The story of I-Neighbors.org is important to anyone hoping to use technology to complement traditional forms of urban community. The website was created by Keith Hampton, a scholar interested in “the relationship between new information and communication technologies, social networks, and the urban environment.”
A trained sociologist, as a newly minted PhD Hampton taught at the MIT Urban Studies and Planning program from 2001 to 2005. Here he developed and launched I-Neighbors, a “social networking service that connects residents of geographic neighborhoods.” The website allows registered users to look up and join “neighborhoods.” Each neighborhood has a variety of default functions: email list, polls, business reviews, photos, documents, events, and a directory of other members. Originally it had a “GovLink” service allowing users to connect to local elected officials, but this has been shut down due to cost.
Although the website could use some design tweaks (fonts are too small, for one), the website is reasonably straightforward to use and clearly carefully thought out. I think I remember reading the site was accompanied with some offline training sessions in the Boston area.
Unfortunately, it’s taken off in relatively few neighborhoods. According to a 2006 paper, as of then 23.6% of website users hadn’t joined any neighborhood, and only 9 neighborhoods have over 50 users. These facts suggest it’s either not what they’re looking for, too complicated, or have another usability issue. When users look up a zip code, if another user has not created a neighborhood the systems says there “are currently no i-Neighborhoods in your area” asking, in smaller letters, if they want to create one. Creating new neighborhoods is simple enough, but I bet pre-creating any searched for neighborhood would get more users engaged in the system.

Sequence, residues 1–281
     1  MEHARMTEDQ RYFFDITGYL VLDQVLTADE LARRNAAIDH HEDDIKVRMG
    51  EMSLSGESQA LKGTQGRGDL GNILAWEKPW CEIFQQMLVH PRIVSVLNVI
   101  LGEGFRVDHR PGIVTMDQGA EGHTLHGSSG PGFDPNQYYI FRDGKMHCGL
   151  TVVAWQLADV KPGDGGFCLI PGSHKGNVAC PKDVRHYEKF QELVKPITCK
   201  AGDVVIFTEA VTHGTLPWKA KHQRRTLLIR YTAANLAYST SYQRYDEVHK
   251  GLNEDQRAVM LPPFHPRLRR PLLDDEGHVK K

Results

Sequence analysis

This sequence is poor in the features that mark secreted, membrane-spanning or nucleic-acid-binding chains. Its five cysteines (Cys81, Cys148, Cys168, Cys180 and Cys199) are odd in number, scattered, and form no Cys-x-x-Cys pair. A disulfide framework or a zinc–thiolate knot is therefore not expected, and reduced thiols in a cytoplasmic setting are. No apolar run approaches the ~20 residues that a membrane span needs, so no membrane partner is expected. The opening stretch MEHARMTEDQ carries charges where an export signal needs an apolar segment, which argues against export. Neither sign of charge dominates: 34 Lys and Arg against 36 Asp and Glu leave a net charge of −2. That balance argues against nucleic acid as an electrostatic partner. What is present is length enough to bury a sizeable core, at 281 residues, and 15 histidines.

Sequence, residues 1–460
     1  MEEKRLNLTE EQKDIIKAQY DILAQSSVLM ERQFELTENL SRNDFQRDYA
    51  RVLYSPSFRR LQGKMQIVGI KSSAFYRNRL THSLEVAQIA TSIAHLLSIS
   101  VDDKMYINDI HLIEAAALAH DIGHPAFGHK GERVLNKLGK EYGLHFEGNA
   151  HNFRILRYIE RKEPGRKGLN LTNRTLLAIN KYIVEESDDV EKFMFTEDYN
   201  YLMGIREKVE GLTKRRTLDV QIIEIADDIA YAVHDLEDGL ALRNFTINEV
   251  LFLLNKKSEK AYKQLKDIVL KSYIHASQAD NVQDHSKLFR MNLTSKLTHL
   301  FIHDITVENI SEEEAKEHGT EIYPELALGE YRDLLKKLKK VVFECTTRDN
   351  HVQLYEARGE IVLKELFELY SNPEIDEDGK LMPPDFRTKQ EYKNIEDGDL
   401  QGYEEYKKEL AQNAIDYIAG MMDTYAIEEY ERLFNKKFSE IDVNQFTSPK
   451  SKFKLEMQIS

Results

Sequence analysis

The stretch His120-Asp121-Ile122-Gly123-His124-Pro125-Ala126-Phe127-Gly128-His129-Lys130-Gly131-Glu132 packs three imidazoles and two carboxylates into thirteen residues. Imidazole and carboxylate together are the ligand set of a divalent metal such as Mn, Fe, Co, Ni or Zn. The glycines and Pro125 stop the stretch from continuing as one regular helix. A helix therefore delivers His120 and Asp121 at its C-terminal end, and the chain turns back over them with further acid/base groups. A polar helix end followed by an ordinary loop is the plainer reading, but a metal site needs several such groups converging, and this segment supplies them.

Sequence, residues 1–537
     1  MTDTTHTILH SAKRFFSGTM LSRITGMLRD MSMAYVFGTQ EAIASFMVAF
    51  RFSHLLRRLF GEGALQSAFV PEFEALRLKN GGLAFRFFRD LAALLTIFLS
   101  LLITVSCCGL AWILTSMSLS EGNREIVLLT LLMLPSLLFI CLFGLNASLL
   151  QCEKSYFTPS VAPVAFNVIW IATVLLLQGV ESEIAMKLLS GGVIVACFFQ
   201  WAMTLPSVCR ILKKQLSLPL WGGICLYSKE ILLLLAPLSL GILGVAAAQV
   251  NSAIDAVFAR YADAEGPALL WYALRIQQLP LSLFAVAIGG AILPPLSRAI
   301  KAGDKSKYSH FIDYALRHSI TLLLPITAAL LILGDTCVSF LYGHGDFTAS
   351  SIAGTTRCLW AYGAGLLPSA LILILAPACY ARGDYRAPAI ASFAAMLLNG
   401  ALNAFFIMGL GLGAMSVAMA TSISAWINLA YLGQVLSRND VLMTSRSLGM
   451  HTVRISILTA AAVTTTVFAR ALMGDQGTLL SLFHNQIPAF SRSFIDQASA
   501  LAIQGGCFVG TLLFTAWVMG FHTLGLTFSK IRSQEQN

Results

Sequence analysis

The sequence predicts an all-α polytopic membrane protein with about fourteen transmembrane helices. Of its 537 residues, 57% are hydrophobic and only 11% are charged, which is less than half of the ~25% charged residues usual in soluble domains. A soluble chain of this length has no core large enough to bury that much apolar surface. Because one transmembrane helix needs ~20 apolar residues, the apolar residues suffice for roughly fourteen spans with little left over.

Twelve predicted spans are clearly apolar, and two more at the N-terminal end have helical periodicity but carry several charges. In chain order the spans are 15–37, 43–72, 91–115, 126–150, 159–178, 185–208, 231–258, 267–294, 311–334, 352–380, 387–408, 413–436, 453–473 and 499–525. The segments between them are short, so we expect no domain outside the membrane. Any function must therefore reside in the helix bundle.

Individually, the tools are useful, and in fact sites have thrived performing almost all individually:
- Business reviews – Yelp
- Geocoded Photos – Flickr
- Neighborhood listservs – Yahoo, Google, private lists
- Neighborhood news – Variety of local news, blogs, neighborhood (offline) newsletters.
Why isn’t there greater use of these functions on the website? In marketing parlance, the ‘unique value proposition’ of social networking websites, is the content and the people, not the functionality. Thus in the fickle world of social networking, some have thrived while others have withered according to their relative popularity among users, not necessarily the sophistication of the functionality. I-Neighbors has struggled to take off in many communities.
Additionally, the content is carefully organized into neighborhood-specific stovepipes. This reduces the potential users able to see, say, the review of a local business. Additionally, urban residents have famously fluid conceptions of neighborhoods, suggesting perhaps the content should be organized in a less rigid way. Although functioning in some ways like a social networking websites, users don’t select which friends they will allow to see their profiles, instead all members of the neighborhood are thrown in together. Additionally, there’s no search functionality for users and users can only see other people in their networks, not across the system. These barriers to finding other people thwart one potential source of interest in the system.